McCarthy’s office is known for its lack of response to both the Council and the General Public. For as many Mini-Exec’s as she has running around, and as mush as she pays them in this floundering economy, a little communication should not be so much to ask. I have no doubt that Ms. Gelman’s office received no communication from Pat.

    The Council was 100% right, and showed outstanding unity with their 7-0 veto override. Its good to know that even though the voters clearly made a mistake in electing McCarthy, we at least have the council to help us not get completely derailed.

  4. norse1943 says:

    I wonder if the Council has had the common sense to look at the potential increases in jail costs because of the delays in hearing cases caused by having one less judge. I doubt it. I am sure that they will be sued and ultimately cost more than the meager short term savings accrued by eliminating one judge. Perhaps they should look at cutting their own staff.

  5. BecauseICARE says:

    Norse1943- Its my understanding that the county has hired a commissioner to hear such cases, but I may be incorrect. Perhaps Mr. Wickert can look into that and post his findings?

  6. S_Emerson says:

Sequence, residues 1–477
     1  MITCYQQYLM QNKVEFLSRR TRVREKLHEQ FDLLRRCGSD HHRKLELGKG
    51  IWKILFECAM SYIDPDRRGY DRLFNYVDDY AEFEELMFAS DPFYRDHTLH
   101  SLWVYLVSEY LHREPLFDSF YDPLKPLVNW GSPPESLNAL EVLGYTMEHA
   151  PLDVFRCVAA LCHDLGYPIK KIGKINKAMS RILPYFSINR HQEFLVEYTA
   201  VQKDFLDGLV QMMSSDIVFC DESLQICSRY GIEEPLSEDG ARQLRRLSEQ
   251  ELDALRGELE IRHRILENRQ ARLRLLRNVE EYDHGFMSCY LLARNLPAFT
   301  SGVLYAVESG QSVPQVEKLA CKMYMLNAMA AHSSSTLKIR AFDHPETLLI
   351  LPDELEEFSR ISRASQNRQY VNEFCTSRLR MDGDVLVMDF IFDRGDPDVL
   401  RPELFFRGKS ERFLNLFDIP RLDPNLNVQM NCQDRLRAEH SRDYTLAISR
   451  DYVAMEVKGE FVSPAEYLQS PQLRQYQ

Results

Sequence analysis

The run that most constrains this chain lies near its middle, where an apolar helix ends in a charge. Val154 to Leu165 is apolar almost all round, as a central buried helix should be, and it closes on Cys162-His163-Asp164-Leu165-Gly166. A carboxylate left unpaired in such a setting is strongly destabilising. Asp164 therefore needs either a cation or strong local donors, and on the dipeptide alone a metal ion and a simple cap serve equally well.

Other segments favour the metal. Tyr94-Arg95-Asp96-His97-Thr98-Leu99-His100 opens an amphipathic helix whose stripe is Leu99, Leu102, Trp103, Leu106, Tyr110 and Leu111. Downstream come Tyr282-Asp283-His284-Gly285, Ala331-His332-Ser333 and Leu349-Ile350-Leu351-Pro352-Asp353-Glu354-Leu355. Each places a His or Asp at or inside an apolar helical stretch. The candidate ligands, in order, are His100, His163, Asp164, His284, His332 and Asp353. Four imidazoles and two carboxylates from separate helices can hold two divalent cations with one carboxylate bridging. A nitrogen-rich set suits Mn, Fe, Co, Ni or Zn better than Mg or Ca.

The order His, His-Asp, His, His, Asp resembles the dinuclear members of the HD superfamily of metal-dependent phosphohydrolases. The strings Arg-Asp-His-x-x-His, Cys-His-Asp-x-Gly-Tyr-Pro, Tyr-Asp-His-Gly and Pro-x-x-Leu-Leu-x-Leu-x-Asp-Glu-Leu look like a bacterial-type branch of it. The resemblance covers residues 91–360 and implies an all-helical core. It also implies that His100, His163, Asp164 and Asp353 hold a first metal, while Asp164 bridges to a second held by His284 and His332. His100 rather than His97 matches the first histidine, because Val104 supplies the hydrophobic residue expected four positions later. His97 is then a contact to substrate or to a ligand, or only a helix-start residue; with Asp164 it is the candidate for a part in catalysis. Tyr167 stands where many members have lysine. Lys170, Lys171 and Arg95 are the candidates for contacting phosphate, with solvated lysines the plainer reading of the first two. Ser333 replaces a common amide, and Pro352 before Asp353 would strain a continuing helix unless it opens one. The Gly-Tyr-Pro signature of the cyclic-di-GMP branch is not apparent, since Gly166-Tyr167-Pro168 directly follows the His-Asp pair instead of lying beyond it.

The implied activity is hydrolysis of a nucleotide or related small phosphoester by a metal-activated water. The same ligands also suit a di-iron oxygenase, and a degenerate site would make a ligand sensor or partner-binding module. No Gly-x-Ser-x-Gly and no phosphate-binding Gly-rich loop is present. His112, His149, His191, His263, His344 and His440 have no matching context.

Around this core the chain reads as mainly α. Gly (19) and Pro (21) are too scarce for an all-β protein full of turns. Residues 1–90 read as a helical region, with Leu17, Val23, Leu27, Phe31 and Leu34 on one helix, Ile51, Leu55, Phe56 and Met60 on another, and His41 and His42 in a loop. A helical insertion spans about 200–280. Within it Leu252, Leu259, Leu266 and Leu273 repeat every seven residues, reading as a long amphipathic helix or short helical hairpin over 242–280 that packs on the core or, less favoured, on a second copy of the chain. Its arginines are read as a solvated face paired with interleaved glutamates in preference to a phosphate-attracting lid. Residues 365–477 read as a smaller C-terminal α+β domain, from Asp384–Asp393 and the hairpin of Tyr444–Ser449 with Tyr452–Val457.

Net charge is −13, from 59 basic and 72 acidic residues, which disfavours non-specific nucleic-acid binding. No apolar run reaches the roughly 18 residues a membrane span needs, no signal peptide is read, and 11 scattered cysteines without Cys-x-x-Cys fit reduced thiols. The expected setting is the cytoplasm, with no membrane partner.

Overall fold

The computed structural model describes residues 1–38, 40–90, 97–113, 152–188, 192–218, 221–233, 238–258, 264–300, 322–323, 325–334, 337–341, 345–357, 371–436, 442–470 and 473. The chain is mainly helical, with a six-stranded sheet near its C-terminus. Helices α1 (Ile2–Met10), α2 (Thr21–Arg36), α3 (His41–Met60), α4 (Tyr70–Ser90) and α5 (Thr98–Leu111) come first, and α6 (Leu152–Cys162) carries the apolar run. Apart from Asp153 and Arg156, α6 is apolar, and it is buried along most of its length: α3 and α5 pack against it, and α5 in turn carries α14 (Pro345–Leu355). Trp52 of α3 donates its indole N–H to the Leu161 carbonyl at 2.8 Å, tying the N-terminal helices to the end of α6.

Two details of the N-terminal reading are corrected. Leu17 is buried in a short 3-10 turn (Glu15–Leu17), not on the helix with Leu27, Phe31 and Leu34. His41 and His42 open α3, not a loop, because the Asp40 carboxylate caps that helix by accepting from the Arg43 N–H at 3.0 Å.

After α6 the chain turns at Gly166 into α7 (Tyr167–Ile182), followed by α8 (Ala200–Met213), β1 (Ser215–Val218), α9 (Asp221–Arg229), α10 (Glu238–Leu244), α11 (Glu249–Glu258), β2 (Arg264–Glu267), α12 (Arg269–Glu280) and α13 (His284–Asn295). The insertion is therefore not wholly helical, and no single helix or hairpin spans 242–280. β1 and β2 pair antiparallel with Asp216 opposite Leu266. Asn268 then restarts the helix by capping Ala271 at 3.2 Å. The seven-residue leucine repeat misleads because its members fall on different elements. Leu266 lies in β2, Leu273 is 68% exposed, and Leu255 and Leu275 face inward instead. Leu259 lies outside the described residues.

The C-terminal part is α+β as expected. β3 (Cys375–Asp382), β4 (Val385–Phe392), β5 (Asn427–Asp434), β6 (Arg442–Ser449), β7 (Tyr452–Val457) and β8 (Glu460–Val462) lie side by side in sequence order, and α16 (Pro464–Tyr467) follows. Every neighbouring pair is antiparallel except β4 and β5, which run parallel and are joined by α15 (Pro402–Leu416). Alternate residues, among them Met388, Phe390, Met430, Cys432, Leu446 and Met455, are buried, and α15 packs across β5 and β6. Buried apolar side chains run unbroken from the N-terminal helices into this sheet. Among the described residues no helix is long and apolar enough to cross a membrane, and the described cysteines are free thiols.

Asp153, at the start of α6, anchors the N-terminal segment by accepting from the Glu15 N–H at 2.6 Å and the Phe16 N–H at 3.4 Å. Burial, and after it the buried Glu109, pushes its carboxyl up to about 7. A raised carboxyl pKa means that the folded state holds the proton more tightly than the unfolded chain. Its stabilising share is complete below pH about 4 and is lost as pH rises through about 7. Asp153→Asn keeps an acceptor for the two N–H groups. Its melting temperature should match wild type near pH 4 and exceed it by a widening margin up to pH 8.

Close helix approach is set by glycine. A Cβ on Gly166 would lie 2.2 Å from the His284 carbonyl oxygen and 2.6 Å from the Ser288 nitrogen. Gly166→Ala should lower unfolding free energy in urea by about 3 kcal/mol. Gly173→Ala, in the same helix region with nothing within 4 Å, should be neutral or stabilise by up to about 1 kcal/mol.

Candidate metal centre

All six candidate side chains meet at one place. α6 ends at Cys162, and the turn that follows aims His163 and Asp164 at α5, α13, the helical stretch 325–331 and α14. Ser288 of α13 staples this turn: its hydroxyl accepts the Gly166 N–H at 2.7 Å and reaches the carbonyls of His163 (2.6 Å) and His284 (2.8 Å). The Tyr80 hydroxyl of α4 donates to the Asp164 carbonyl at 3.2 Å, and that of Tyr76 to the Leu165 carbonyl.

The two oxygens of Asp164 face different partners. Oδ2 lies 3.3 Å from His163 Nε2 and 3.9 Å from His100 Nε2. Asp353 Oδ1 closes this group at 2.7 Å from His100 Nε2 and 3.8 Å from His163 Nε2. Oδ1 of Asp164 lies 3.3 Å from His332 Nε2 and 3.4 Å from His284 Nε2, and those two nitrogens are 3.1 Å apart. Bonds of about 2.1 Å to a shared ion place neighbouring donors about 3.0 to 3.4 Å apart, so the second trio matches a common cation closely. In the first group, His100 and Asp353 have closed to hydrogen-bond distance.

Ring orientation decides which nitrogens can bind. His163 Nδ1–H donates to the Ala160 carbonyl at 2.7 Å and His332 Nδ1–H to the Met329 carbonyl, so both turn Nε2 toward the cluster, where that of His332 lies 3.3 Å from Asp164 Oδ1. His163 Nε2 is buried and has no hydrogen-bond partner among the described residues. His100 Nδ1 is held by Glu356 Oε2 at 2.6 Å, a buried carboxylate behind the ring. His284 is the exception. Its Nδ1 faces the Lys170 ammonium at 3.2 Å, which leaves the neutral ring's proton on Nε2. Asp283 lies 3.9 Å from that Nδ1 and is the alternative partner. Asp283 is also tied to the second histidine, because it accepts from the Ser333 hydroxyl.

BecauseICARE –

    Can you point me to the section in the Charter which, you say, “CLEARLY does not allow such changes to be made”? I’m not challenging your statement, it’s just that I can’t find it in the Charter.


  7. kittytrouble says:

    What were you thinking quote from Councilwomen Gilman The County excuteive
    has been and still listening to the Public unlike the council Since Jan of this year I have been in my Council person’s office and on the phone Ms. Gelman she did know about the problems with the comp plan. There was countless public groups,
    communities and state org. that for a year informed this council of the problem with the comp plan. Council chose to take care of their special interest and forget the general public I met with the Exc. many times about the comp plan problems and she was aware as the council was aware money wasted on a plan that will be protested

  8. S_Emerson says:

    I have to wonder why the Council didn’t listen to the citizens who testified before them during committee meetings on
    08-31 and 09/21, and the
    council meeting of
    , saying that if they approved the package as it was, they would be violating ordinances which they themselves created.

    Now they say the Charter doesn’t allow them to line-item veto. The Executive thinks otherwise. I see no reference at all to the specific rules on this in the teeny tiny document that is our County Charter.

    Had they done the right thing to begin with, we wouldn’t be in this mess now.

  9. summit98446 says:

    The best County Council money can buy.

  10. bigmeatgrinder says:

    As stated above…here we go again. Another b!tch fight.
    Wish we had some politicians that could actually get something done!

  11. BecauseICARE says:


    I am referring to Charter C-6 Section 2.50

    (4) No ordinance shall be amended unless the new ordinance sets forth each amended section or subsection at full length.
    (5) At least 13 days shall pass between the introduction and the final passage of every ordinance, except emergency ordinances. Every ordinance shall be introduced in its entirety in writing.